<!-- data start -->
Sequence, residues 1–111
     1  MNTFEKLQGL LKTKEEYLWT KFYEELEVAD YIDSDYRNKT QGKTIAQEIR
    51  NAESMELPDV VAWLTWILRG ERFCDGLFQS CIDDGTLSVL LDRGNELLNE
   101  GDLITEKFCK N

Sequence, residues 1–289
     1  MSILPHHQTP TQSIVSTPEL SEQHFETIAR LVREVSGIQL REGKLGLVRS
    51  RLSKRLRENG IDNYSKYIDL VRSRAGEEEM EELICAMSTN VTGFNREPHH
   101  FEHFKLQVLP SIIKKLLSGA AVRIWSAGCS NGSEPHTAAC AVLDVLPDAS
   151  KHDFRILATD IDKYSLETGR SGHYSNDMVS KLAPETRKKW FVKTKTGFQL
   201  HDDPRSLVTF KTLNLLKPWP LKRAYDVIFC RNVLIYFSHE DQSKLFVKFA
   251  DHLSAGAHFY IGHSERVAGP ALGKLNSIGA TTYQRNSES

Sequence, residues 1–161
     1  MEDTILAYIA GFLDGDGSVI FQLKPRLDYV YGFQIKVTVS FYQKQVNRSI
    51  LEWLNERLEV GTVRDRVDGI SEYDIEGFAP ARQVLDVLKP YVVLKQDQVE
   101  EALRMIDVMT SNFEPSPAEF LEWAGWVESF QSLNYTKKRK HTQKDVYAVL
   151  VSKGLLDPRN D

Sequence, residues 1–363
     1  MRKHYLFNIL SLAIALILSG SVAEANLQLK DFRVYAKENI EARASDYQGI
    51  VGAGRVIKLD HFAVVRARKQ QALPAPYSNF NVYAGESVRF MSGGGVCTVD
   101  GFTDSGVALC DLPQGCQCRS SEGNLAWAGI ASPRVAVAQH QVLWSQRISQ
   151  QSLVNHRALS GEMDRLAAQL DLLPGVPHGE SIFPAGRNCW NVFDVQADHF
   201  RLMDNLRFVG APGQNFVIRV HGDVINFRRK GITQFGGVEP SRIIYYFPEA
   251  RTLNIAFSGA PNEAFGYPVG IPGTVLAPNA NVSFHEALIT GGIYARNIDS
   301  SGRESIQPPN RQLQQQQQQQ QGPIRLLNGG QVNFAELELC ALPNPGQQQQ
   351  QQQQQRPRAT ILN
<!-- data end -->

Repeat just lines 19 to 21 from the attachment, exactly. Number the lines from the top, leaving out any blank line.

    51  VGAGRVIKLD HFAVVRARKQ QALPAPYSNF NVYAGESVRF MSGGGVCTVD
   101  GFTDSGVALC DLPQGCQCRS SEGNLAWAGI ASPRVAVAQH QVLWSQRISQ
   151  QSLVNHRALS GEMDRLAAQL DLLPGVPHGE SIFPAGRNCW NVFDVQADHF